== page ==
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Thursday, January 19, 2012

Review: Red Tails

The Movie Report

***; Rated PG-13

One quality of Anthony Hemingway's Red Tails likely to receive a bit of criticism from snarkier-than-thou mainstream movie media is actually one of its strongest virtues: the sincere, unironic, unapologetically throwback sensibility, playing much like a product from or directly after the WWII era. That its stalwart hero pilots engaging in aerial dogfight derring-do to a shamelessly swelling musical score happen to be African-American then rather pointedly highlights just how unfair it's taken this long for the legendary Tuskegee Airmen to get their proper, larger than life big screen treatment. After all, what they did do in real life was just as, if not more than, impressive than what white military heroes would do in reel life at the time. That old fashioned, almost square approach, from the archetypal lead characters to broadly sneering Nazi villainy to what are now war movie story conventions (e.g. love with a European local; being trapped behind enemy lines), adopted by Hemingway and screenwriters John Ridley and Aaron McGruder thus feels like a corrective to that long-standing cinematic inequity, to finally give these oft-overlooked patriots a retro rah-rah-worthy vehicle of their own.

But there is also more going on here than old school genre homage: it's also a solidly executed example of such an inspirational entertainer, equal parts excitement and heart. In the former category, Hemingway has fun using all the decidedly un-retro 2012 Industrial Light and Magic digital effects toys at his disposal for the many aerial warfare sequences. Given that this is a Lucasfilm Ltd. production, similarities to Star Wars (most specifically, the original) will inevitably be called out, but that's not exactly an insult for action filmmaking. What has long proven to work with X-Wings and TIE Fighters very much translates in thrilling fashion to an Earthbound combat context.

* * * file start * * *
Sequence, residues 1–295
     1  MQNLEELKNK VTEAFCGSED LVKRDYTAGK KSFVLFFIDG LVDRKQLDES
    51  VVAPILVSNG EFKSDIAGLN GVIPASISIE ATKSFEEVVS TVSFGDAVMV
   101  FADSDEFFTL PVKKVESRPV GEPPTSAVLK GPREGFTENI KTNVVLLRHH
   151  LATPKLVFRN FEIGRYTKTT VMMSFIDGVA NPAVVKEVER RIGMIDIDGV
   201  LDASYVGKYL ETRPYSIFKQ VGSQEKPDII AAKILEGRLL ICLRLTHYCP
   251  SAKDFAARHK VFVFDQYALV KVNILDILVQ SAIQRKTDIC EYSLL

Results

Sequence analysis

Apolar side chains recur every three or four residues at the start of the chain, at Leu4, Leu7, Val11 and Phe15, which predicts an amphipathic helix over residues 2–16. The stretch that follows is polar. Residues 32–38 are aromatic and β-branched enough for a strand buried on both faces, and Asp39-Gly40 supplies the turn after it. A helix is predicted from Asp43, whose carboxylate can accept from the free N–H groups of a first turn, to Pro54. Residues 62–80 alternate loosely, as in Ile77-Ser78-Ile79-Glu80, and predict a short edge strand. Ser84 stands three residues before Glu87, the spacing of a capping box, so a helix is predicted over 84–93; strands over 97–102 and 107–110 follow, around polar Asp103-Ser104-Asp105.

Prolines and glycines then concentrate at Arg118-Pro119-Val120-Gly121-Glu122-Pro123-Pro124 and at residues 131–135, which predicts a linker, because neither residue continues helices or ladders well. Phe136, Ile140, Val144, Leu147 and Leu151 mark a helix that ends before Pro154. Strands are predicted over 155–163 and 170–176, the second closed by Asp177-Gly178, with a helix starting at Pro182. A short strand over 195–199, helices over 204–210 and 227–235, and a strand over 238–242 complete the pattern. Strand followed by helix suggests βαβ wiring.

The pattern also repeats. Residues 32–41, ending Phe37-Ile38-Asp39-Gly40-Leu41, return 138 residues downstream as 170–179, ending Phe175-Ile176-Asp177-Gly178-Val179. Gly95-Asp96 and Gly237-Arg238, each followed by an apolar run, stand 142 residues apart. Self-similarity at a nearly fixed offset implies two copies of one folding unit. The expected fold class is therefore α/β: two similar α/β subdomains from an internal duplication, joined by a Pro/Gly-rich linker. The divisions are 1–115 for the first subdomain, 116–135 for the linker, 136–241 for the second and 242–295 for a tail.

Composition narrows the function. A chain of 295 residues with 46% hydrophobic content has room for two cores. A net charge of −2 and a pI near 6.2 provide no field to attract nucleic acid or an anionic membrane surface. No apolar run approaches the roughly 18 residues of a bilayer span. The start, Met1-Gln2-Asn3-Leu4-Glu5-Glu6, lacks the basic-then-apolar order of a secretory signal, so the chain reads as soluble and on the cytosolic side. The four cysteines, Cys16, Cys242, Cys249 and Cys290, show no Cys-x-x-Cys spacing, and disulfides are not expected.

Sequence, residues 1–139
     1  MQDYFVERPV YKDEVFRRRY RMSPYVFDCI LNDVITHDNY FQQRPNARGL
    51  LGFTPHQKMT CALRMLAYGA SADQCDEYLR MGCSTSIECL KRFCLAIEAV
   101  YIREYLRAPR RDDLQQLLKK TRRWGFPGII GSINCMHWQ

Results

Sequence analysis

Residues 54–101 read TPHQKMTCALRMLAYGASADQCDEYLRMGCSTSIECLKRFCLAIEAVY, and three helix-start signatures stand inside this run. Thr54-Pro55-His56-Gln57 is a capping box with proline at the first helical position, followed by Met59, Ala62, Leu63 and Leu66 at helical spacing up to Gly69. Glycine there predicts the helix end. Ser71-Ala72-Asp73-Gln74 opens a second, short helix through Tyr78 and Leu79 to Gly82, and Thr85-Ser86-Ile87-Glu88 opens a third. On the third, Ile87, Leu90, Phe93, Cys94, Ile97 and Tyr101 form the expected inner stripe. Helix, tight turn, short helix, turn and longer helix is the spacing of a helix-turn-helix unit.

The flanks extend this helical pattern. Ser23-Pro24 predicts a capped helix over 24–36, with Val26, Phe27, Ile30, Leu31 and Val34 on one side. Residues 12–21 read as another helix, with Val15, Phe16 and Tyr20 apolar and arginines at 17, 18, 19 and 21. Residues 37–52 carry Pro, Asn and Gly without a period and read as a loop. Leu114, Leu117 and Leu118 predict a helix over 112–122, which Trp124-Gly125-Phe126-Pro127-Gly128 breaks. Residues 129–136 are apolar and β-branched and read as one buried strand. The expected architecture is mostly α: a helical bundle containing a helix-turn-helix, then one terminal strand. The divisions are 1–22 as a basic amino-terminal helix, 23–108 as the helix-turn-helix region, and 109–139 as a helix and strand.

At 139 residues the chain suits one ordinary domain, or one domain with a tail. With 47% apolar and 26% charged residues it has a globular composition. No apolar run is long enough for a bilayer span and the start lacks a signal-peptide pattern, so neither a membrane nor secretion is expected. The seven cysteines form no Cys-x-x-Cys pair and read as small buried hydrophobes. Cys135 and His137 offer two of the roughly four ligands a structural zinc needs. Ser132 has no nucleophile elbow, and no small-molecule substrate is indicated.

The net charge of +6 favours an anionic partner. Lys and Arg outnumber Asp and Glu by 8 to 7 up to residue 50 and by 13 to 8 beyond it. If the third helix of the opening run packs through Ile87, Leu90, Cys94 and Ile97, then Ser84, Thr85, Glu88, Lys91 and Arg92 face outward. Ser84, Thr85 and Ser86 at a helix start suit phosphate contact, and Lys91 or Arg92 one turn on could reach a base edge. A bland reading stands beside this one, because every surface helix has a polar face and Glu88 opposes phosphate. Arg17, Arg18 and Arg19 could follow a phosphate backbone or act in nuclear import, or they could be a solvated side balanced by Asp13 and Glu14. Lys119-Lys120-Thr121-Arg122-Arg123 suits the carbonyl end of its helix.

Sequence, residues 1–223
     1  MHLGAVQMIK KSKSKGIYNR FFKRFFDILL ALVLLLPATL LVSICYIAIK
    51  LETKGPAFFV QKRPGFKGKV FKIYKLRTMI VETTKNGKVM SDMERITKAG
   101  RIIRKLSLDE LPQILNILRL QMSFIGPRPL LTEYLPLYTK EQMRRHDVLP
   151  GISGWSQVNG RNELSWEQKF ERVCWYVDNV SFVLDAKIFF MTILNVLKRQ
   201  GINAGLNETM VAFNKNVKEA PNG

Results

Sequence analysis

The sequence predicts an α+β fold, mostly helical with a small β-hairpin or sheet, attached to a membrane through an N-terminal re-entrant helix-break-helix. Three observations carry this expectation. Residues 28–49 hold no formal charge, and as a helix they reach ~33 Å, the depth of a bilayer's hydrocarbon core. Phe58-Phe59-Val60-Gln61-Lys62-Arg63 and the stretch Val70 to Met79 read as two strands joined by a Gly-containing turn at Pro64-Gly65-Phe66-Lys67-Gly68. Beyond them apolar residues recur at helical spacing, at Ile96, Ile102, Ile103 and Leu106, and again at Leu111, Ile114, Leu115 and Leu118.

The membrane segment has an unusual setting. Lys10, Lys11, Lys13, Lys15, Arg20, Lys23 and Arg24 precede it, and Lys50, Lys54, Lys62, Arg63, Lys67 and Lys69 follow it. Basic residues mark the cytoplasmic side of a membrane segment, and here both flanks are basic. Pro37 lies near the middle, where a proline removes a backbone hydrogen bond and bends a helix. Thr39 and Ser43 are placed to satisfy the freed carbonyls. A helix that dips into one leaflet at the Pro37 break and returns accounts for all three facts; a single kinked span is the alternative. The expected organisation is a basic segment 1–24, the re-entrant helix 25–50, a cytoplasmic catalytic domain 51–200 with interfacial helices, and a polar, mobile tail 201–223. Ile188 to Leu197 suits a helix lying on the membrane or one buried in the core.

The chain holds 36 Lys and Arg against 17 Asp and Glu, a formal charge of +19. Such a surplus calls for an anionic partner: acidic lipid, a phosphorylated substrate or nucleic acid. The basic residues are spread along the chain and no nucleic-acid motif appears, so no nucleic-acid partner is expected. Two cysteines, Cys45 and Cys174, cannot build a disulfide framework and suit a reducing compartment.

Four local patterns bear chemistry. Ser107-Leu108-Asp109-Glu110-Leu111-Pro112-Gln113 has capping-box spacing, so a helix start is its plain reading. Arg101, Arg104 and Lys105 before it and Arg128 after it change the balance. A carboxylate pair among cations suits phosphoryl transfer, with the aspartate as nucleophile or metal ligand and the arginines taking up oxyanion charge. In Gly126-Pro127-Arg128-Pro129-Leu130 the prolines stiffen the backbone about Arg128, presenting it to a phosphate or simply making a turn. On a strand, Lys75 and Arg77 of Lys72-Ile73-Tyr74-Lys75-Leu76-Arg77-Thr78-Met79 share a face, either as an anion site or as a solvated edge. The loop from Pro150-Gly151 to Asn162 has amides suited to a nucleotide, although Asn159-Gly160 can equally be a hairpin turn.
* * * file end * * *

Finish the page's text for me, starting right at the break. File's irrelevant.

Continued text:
None of characters here are based on any specific real-life figures, and as such they fall for the most part into conventional character types; that said, they are all lent human dimension by the actors. Given the size of the cast (Tristan Wilds, Elijah Kelley, Ne-Yo, Michael B. Jordan, Method Man, Andre Royo, Marcus T. Paulk, Cuba Gooding Jr., and Terrence Howard are among the recognizable faces here), some of men in the unit inevitably get more screen attention than others, but serving as an equalizing force is the unforced and genuine camaraderie between the guys, helped by some amusing banter from Ridley and McGruder's pen. That chemistry is especially evident between the lead buddy pair of Nate Parker and, the certain breakout of the ensemble, David Oyelowo. As, respectively, the hard-drinking captain and reckless daredevil of the group, they forge a believably brotherly tough love rapport and have the effortless gravitas to sell and serve as a compelling emotional anchor for all the action.

But, of course, what makes this film that is (per the opening titles) "inspired by real events" certain to inspire future real events is the enduring legacy of the Airmen. If Red Tails isn't quite the information-heavy lecture of a historical drama some may be expecting, the Tuskegee Airmen's genuine spirit of courage, dedication, and brotherhood is rather fittingly honored and embodied by what is a rousing adventure picture.

Order the Red Tails poster here.
Order the Red Tails DVD here.
Order the Red Tails Blu-ray here.
Order the Red Tails soundtrack here.

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